For four of the past five years, British punters have lost more than £14 billion on online casino games, sports betting and other forms of gambling. Fully 60% of the industry’s profits come from only 5% of its customers, according to a House of Lords’ report. As many as 138,000 people in England are classified by British regulators as problem gamblers, as well as 36,000 children aged 11-16, UK government statistics show. About 400 suicides — or around 8% of all suicides — in England are estimated to be linked to gambling each year, while it disrupts the lives of many more through broken marriages, bankruptcy, homelessness, and crime. During Covid, about 20% of higher-risk gamblers increased the time they spent gaming.

This explains how unregulated industry led to addiction,

The explosion in online gaming in the UK can be traced to the Gambling Act of 2005. Gambling firms were allowed to advertise sports betting, online casinos and poker on TV and radio for the first time, and until 2014 remote operators selling to British customers weren’t even required to hold a UK license. The law predated the technological revolution that was the smartphone. Betting firms have been exploiting that blind spot ever since, developing aggressive habit-forming games tailor-made for obsessive gambling, and cashing in while a significant subsection of their customers racked up huge losses, according to interviews with dozens of current and former employees, reformed addicts, lawmakers, consumer advocates, and academics. Firms including Bet365 Group Ltd., Ladbrokes and Paddy Power then enrolled their biggest losers into so-called VIP schemes and showered them with gifts that typically included free bets, cash deposits, tickets to sports games, flights to Las Vegas, and other inducements to keep them hooked.

On the nature of addiction and how betting companies promote this addiction,

Cooper would log in to games with names like Starburst, Gonzo’s Quest and Book of the Dead. Totally absorbed, he would lose track of time as he pressed the spin button, and the multiple reels covered in brightly colored symbols began to spin wildly. Cooper would gamble feverishly for hours without moving from his couch, sometimes wagering £100 per spin and only stopping once he’d burned through nearly all his money. He once gambled, and lost, a month’s wages in 20 seconds. If he hit a winning streak, he would gamble through the night, until his casino balance hit zero again and he stumbled to bed. Some days he would gamble for 12 hours straight, stopping only to go to the toilet or to eat...

But despite losing on average around £3,000 a month, Cooper says he only received one phone call from a gambling company checking that he was alright. None of the operators asked him if he could afford to lose that much, or checked the source of his wealth or income. But if he stopped gambling for longer than a couple of days — usually because he had lost nearly all his money and could barely scrape enough together to eat — then he would be bombarded with emails, text messages and phone calls offering him free bets, bonuses, and cash to return to their site.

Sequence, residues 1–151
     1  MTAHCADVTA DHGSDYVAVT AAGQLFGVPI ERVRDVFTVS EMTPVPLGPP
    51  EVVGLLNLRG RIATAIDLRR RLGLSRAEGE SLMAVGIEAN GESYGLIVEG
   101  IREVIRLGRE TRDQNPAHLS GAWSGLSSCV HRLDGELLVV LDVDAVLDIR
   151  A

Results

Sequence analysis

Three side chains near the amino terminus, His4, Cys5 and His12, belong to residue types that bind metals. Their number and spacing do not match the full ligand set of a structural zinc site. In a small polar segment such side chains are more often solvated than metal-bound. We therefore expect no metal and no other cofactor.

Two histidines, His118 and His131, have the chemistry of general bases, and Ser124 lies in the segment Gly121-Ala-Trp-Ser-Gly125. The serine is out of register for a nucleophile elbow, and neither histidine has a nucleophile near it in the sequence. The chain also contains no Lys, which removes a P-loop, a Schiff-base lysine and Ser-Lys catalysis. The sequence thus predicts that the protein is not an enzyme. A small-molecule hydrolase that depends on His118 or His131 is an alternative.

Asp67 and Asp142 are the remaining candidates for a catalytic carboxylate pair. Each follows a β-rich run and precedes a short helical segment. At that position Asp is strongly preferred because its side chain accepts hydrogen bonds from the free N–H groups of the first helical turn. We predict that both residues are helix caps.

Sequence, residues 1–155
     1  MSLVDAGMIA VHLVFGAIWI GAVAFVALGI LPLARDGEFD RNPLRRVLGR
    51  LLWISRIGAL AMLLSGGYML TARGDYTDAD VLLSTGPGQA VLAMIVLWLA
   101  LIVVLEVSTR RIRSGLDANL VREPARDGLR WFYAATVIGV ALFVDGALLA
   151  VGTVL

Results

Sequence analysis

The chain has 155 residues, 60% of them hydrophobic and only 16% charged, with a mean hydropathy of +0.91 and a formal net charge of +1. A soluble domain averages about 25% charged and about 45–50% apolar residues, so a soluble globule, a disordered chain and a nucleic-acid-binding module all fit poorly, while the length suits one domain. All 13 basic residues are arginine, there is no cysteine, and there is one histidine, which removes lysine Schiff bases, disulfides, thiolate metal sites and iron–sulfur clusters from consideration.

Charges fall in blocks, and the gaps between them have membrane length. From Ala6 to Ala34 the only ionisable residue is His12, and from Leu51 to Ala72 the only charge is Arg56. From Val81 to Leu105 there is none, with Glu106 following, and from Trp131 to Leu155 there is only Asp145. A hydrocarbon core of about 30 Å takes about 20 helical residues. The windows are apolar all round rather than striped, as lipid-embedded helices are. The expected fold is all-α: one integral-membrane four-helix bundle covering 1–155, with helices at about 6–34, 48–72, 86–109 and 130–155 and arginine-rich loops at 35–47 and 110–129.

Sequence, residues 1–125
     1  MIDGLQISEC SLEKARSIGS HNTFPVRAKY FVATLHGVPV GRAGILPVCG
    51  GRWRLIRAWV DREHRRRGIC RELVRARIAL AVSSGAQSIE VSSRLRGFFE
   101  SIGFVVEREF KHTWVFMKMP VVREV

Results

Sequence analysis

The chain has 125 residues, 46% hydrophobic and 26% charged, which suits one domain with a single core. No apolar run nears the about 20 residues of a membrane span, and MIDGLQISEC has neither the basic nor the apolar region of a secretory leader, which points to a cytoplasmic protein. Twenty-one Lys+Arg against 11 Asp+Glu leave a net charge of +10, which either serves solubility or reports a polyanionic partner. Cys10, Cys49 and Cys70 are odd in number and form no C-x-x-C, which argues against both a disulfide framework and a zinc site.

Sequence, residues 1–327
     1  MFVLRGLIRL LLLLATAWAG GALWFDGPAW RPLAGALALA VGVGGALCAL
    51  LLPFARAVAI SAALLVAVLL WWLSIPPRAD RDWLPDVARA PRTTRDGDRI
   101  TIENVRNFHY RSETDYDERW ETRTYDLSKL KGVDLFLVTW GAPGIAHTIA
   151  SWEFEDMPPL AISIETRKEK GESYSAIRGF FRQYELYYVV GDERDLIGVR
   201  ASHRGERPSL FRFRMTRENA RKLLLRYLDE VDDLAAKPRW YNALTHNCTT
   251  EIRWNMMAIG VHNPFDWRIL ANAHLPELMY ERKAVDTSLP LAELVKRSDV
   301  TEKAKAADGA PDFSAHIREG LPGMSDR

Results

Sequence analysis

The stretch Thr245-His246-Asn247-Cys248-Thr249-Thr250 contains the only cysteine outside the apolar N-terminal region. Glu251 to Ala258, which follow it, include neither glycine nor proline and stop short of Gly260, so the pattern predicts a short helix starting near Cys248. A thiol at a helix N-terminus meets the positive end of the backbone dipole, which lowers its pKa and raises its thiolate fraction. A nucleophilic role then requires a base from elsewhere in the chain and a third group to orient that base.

With the social costs are now apparent and public pressure to tightly regulate the market and limit social damage mounting, the government has tried to intervene. But, given its profitability and well-entrenched market structure, the industry has responded with aggressive lobbying and other practices to stave off regulation. These other practices have included political capture of the most egregious nature,

Successive UK governments have done little to tighten the rules in the last decade, as an ever-increasing number of politicians have developed closer ties to the industry. Many lawmakers who have spoken out against increased regulation have also accepted thousands of pounds in hospitality from gambling companies, and regularly receive free tickets to top-flight sporting events, as well as lucrative speaking gigs and even second jobs, according to a Bloomberg News analysis of lawmakers’ financial disclosures. The government announced a review of gambling legislation in 2019, but has delayed publishing its findings at least four times. This summer, after intensive lobbying, officials in Boris Johnson’s administration watered down or removed several measures originally contained in the review, according to people familiar with the situation.